“I felt out of my depth,” she says of the move. “I was scared to be that person who takes their family abroad, puts their kids into a new school and a new life, and for a full seven years has a weekend marriage. But that also felt like something I needed to do.

“I started with AZ a few years before Pascal Soriot came to revolutionise how the company was thinking about its portfolio. I flourished there. I had a lot of fantastic leaders who supported my development, including Pascal. It was a marvellous experience.”

After a decade with AZ, Naumovic had risen to be Vice President Commercial for Europe when Janssen took the opportunity of securing her for its leadership team with a VP Oncology role. Late last year, she was offered the position of Managing Director for Australia and New Zealand.

“They told me not to fall in love with Australia but I am already in love with Australia,” she says. “It is a dream island. It is so beautiful. People are so frank and open and intelligent – the world is here.”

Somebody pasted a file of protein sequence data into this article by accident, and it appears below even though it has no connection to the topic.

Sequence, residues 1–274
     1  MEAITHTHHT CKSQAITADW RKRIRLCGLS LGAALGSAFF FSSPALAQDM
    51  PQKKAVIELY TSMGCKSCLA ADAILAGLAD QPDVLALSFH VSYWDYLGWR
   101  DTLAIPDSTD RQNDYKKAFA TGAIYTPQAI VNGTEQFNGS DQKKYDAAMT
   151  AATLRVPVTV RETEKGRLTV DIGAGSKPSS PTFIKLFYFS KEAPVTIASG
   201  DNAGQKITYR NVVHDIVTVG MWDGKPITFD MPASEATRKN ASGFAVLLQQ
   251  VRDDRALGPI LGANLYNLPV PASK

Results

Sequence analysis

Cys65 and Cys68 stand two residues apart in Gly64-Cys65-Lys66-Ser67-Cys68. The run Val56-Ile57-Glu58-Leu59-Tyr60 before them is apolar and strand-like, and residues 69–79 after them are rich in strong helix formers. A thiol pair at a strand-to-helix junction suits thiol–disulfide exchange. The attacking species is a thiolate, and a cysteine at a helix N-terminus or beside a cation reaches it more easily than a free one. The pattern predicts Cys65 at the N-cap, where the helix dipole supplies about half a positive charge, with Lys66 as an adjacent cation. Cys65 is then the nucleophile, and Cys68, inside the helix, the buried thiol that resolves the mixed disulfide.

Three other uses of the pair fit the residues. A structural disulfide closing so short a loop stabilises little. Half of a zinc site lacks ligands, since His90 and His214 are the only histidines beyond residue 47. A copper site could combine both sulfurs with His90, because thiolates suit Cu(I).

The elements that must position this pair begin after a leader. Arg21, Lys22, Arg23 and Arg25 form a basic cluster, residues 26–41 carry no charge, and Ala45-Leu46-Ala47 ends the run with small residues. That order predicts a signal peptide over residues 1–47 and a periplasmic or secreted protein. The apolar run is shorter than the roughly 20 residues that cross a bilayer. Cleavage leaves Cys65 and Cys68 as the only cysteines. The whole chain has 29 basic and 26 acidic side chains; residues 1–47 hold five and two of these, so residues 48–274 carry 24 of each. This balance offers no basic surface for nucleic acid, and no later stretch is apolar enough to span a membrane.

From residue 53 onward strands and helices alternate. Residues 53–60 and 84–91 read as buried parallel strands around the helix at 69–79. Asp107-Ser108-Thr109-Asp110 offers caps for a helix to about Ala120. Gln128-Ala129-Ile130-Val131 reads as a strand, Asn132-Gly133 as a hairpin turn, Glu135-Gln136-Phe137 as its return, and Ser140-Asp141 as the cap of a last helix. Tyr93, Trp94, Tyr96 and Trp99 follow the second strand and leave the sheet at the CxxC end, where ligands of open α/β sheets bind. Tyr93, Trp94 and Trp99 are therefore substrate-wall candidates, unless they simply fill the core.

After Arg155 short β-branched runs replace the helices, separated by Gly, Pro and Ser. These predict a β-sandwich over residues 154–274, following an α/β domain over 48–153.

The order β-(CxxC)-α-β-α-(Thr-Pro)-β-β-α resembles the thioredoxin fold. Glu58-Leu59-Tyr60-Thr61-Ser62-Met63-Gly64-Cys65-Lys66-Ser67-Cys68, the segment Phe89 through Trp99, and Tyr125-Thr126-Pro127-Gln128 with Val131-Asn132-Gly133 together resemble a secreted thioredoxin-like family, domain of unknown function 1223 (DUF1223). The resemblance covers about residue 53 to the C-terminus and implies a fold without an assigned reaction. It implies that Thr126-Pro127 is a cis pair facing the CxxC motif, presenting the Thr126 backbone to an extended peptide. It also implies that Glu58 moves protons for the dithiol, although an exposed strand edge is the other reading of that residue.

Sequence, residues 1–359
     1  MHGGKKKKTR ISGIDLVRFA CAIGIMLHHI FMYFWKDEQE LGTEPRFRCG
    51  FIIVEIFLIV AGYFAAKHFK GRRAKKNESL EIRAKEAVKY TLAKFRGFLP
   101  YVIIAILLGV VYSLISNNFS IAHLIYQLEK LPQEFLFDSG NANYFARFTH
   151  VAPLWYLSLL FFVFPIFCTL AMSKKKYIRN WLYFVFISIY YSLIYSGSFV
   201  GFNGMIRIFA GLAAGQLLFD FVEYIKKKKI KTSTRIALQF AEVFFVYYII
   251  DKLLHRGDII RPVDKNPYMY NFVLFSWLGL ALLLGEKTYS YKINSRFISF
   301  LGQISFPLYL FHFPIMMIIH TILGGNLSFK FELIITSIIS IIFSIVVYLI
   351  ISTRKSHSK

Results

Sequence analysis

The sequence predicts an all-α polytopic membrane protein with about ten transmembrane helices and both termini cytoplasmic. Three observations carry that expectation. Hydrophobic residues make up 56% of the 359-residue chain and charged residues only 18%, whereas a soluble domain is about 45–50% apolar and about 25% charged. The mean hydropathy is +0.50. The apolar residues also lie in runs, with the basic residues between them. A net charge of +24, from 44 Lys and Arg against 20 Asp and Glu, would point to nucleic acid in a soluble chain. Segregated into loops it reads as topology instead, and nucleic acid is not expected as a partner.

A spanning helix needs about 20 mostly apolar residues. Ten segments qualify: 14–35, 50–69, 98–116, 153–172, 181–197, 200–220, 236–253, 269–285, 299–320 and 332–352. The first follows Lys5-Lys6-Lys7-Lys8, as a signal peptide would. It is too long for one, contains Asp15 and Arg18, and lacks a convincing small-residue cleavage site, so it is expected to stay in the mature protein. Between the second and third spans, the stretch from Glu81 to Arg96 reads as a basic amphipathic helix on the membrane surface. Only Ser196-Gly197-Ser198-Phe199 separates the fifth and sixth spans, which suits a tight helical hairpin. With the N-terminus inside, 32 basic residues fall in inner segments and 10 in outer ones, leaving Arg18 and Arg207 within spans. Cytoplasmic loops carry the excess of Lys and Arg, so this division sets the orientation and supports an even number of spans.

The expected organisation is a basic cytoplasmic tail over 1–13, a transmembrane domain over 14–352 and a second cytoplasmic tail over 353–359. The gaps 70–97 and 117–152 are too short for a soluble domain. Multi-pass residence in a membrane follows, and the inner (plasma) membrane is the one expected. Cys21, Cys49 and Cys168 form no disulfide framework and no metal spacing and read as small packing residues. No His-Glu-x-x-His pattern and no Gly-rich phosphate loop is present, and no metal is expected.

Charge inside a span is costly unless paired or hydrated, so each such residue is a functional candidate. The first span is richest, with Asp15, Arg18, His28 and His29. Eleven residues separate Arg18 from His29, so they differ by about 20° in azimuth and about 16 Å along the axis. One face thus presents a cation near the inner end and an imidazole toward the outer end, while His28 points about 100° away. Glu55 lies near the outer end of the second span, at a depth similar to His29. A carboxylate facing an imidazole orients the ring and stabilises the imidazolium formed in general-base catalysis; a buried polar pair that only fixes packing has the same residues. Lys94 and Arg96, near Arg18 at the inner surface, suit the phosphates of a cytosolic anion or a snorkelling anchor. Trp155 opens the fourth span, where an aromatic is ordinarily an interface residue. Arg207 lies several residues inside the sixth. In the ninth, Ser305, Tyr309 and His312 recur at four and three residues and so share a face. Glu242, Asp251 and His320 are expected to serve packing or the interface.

Naumovic describes Australia fondly as “the bellybutton of the world, a melting pot of cultures” but says underneath this lies a hidden underbelly of issues that this revolutionary is not going to back away from.

“I’ve worked in dozens of countries, even hundreds, and the comparison is striking on how much technological and research advancement I see here from the medical standpoint,” she says.

“Your research centres are absolutely amazing. You have state-of-the-art things that are not done anywhere else in the world. Your investment in healthcare in terms of percentage of GDP is as good as any other developed country. And then, on the back end of that, you have an access system for drugs that is close to last in the world when it comes to innovation.